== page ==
I have heard of Kiva from a lady at my work. They are a good organization and it allows you to easily lend people people money from around the world. It also allows you to easily track where you money is going. I have been meaning to try it out, but I will definitely go through with it in the future.

  3. kouji says:

    fascinating. i’ve read quite a bit about the benefits of micro finance, but i like that here, it’s quite easy to get involved. will check out the site. thanks for the heads up.

  4. rummuser says:

    It is indeed a very good thing that you are doing there. I salute you.

    There are many such initiatives run on commercial lines in India which are proving to be very successful. There is no need for any charity and the banking model itself is self sustaining because, the recovery rate is very high. There are hardly ever any bad debts.

    1. Lorna says:

      It’s interesting to note that the low-income persons utilizing the microfinancing options are less likely to default on payments compared to the normal businesses. Thanks for commenting.

  5. kouji says:

    thanks again for introducing me to kiva. πŸ™‚ am unable to make a donation at this point. πŸ™ but i did write a post about it, and put the banner on my sidebar. πŸ™‚

    so along with freerice and goodsearch, i also try to promote kiva. πŸ™‚

    1. Lorna says:

      Thanks for highlighting freerice and goosearch, I’ll check them out.

  6. Joselyn says:

    Fascinating. i’ve read quite a bit about the benefits of micro finance, but i like that here, it’s quite easy to get involved. will check out the site.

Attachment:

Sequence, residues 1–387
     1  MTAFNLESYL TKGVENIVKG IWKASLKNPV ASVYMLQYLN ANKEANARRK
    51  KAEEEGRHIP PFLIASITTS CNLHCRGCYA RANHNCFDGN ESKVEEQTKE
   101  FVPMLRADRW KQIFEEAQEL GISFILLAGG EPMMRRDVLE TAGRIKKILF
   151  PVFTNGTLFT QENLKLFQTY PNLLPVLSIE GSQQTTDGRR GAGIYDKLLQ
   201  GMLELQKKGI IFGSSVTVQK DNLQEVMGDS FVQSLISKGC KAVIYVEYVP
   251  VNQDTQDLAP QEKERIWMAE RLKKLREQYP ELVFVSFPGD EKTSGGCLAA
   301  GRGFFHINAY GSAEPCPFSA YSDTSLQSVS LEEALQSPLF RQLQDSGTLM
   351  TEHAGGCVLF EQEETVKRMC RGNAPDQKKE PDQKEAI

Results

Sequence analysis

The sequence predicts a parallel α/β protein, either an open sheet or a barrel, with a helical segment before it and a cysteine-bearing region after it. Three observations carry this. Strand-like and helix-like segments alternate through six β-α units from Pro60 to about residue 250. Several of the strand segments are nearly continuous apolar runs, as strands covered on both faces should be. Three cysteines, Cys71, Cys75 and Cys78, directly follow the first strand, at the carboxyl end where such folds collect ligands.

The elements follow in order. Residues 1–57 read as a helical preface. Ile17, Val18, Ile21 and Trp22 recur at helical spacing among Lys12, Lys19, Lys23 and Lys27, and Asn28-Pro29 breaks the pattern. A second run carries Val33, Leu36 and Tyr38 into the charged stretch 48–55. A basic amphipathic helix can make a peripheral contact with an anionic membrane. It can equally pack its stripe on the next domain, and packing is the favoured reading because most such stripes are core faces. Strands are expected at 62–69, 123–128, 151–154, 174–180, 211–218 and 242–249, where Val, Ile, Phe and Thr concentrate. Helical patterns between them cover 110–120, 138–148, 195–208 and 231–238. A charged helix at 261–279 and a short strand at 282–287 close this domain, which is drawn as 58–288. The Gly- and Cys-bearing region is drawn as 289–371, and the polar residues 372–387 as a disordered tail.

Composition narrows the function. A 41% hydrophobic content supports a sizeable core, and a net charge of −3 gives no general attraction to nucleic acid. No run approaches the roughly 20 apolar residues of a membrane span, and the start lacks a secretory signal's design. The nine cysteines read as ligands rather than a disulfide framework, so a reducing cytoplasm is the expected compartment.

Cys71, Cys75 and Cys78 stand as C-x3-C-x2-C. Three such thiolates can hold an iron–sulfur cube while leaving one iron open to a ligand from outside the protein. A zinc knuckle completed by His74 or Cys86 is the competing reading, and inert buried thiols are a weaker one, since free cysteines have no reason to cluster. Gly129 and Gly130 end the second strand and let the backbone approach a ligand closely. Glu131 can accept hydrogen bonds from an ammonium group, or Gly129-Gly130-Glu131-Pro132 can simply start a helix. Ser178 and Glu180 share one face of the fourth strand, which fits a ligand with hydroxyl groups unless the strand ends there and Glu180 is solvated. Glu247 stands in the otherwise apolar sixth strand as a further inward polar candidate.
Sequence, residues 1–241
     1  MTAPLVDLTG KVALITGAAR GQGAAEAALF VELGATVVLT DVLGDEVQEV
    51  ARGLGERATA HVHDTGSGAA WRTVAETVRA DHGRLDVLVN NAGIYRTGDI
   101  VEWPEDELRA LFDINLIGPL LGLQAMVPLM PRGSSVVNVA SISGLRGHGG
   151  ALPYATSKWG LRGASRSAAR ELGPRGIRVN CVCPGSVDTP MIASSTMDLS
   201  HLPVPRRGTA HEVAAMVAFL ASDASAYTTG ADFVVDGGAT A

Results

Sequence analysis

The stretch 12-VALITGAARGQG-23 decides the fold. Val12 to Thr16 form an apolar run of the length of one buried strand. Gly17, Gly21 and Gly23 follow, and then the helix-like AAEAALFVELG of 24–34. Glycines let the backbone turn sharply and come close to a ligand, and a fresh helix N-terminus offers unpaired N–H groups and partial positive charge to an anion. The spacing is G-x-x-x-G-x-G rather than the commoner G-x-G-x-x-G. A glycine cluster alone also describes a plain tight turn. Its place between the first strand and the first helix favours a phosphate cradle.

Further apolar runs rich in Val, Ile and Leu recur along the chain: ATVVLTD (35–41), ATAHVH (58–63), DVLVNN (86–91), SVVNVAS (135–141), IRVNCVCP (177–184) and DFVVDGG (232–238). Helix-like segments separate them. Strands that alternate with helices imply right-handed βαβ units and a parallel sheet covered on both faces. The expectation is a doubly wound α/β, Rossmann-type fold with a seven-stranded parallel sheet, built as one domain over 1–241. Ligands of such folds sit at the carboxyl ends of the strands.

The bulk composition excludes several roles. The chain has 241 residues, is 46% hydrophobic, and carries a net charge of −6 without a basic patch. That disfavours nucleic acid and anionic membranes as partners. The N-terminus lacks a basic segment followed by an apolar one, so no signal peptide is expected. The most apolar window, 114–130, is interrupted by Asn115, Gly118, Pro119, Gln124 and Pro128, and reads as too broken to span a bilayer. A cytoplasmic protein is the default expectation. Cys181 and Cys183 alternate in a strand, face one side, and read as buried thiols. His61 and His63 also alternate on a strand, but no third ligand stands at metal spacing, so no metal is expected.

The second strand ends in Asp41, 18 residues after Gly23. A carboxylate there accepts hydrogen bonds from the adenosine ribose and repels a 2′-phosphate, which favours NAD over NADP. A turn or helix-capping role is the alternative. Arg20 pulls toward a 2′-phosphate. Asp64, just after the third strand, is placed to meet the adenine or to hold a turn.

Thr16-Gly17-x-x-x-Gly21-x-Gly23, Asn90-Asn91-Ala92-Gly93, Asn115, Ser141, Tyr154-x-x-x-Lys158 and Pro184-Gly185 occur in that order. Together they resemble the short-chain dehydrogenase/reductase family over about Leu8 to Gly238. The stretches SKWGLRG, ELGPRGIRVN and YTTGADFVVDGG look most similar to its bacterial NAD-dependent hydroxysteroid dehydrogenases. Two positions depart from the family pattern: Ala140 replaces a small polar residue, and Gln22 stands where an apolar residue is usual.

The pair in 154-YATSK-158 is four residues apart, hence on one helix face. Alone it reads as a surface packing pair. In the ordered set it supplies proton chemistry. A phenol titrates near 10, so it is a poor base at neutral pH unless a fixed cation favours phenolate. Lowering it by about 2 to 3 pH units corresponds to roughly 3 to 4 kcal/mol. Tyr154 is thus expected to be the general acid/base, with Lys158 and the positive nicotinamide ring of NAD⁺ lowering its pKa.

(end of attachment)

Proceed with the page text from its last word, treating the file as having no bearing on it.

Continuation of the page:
7. Kiva sure looks like it has found a role that had not previously been assumed. The model they have, which you have described here, looks to fit into current demand for resources to assist in the numerous procedures that are being undertaken by smaller groups or individuals.

  8. Downloadic says:

    Yep, its fascinating. Thanks for introducing the kiva.

  9. appleblogger says:

    i heard about kiva before. Its cool and if you have more money, you can help them by donate 25 dollar todays. πŸ™‚

  10. Jeremy says:

    It’s nice to see people developing a microfinance business concept that actually works. For the last decade or so there has been an understanding that microfinace is a great way to give back to developing nations or simply entrepreneurs in need. A little goes a long way.

    The problem has always been with the implementation, individual financiers instead of grouping multiple parties together, poorly managed sites, etc.

    My neighbor has been using Kiva for a while now and has nothing but good things to say about it. I plan to try it myself soon.


  11. Cathy says:

    Nothing beats going to church (and praying), but helping the poor is also another thing. While it may not make you feel a bit great about not going to church, it does, to some point, make you feel great about a whole other thing.

    Kudos to you. I’d like to try that myself soon!

  12. it?s quite easy to get involved. will check out the site. thanks for the heads up.